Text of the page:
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Medis Power Pack: A fuel cell gadget charger

Liquid fuel cells for charging portable devices are coming and one of the first is the Medis 24-7 Power Pack, which charged up my iPod. But how green is it?

As I write, a small black box on my desk--a liquid fuel cell--is charging my iPod Touch.

It's a Medis 24-7 Power Pack, a portable charger for small electronics like a cell phone or an iPod.

Medis Technologies says that one Power Pack, which recently went on sale online and at Best Buy, can give you 30 hours of talk time on an average mobile phone or 60 to 80 hours of play time on an average iPod. That translates to about five or six full charges for an iPhone. A starter kit with adapters costs about $40 and a replacement pack is about $20.

Medis 24-7 Power Pack portable charger
Power on the go, using a fuel-cell charger. Martin LaMonica/CNET News

With the explosion in gadgets, many of them becoming more power-hungry, there are growing set of options for on-the-go recharging, including direct liquid fuel cells. Large consumer electronics manufacturers, including Sharp, are developing products that can be charged by these pint-size power sources.

The Medis 24-7 Power Pack is one of, if not the, first liquid fuel-cell chargers for small devices. You can also expect versions for laptops within two to five years, say adherents.

I'll offer my first impressions with one important disclosure: I am not a product reviewer. I'm a green-tech reporter who likes to play around with alternative energy in the home.

First, why bother?

From a technophile perspective, this is a neat device. No longer are fuel cells reserved for spacecraft and car-of-the-future demonstrations. At $40, it's a real consumer-ready fuel cell.

Medis and other portable charger makers say that this isn't a replacement for your standard AC charger. Instead, think of it as a supplemental power source when you can't get to a wall socket.

If you're on the move all day for work or school, you can pull a portable charger out to add some talk time to your cell phone or get a couple more hours of music during your commute. It can be transported on a plane and it's light, at less than half of a pound.

The Medis Power Pack before being activated. You have to squeeze the top until it snaps with the bottom to get the electricity flowing. Martin LaMonica/CNET News

The Xtreme version of the Medis 24/7 puts out four watts. It took about an hour to bring my slightly-more-than-half-charged iPod to full. That seems to match the company's claim that it charges at about the same speed as an AC charger.

Unlike a stand-alone battery, this can't be recharged--you recycle it or, down the road, refill a fuel cartridge.

Green-tech cred
Medis Technologies says that it's a green product because everything in it can be recycled. It doesn't use any toxic materials like the heavy metals used in batteries, complies with RoHS hazardous waste regulations, and doesn't have harmful emissions during use, according to the company.

The company encourages recycling by including packaging to send the device back to be recycled before buying a refilled pack.

There are a number of companies that are making liquid fuel cells using methanol, but the Medis charger uses a solution of sodium borohydride, a mineral that comes from mines. It's also looking at synthetic replacements.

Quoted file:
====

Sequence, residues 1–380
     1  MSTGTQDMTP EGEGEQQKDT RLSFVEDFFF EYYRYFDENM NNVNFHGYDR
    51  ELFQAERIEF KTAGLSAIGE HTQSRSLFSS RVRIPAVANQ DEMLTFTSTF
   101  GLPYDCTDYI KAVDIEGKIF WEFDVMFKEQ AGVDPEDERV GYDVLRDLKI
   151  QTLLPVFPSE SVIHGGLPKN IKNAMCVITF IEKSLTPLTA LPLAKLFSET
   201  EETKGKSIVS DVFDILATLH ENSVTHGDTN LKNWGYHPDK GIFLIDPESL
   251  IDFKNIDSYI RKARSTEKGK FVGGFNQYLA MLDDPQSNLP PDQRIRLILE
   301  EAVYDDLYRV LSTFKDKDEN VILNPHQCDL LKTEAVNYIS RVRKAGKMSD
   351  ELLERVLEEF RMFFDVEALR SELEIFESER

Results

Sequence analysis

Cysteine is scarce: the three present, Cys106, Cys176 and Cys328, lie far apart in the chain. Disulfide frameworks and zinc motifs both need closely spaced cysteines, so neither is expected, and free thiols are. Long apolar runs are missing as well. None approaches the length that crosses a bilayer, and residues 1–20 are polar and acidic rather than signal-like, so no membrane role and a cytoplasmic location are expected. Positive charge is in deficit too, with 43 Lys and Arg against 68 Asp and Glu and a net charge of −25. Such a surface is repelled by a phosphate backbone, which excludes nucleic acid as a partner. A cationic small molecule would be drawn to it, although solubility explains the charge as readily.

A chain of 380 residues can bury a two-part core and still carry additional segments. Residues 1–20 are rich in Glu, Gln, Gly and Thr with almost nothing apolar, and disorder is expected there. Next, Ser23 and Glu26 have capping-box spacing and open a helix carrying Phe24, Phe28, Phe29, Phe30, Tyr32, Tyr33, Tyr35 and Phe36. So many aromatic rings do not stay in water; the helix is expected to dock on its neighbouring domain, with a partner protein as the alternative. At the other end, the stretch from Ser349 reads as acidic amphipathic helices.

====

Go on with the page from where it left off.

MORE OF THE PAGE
The fuel itself can recycled in other products, Medis Technologies vice president Michelle Rush said. The spent borates can be purified and put into detergents, cosmetics, fire retardants, and other products, she said.

The next generation of its fuel cell, expected to be ready in 18 months, will have a detachable cartridge that can be refilled, which should be more convenient than mailing a product back. Medis Technologies hopes that it can get involved in retail tech recycling programs like those for camera batteries or printer cartridges.

"Consumers really want to support green companies and we are clearly on that path," Rush said.

How to use
You could store it for at least 18 months, most likely years, before activating, according to the company. Once it has started being used, it has three months of life.

The end user, in fact, has to start the chemical reaction to get the juice flowing. To activate it, you remove a plastic strip strapped around the device and then squeeze the top so that it snaps with the bottom.

You then shake it to mix the solution around and the electricity is ready to flow. It comes with adapters for many devices.

Overall, this seems like a good application of fuel cells. And I applaud the company for making--and taking back through a partner--a product that they say can be entirely recycled.

My own needs for portable power are fairly limited but I'll keep the pack in my car for when I need an extra boost.

The Power Pack is also competing with "free" energy from my solar chargers. Another portable charger I'm waiting to go commercial is the planned motion-powered electronics charger from M2E Power.

In a couple of years, Medis plans to make fuel-cell chargers for laptops able to deliver 20 watts of electricity, which would give eight more hours of operation. The idea is to have a solid fuel that gets mixed with water as needed.

Depending on its weight, a fuel cell for laptops could attract a lot more people who would rather have a clean power source than lug around extra batteries.

Update on September 14 5:10 p.m. PT to make clear there are two editions of the Power Pack with different technical specifications.

The Medis Xtreme 24/7, which I used, is for charging larger devices like an iPhone; the Medis 24/7 is for cell phones. The Xtreme puts out 4 watts at five volts and has a capacity of 4.5 ah (ampere-hours), while the Medis 24/7 delivers 1 watt.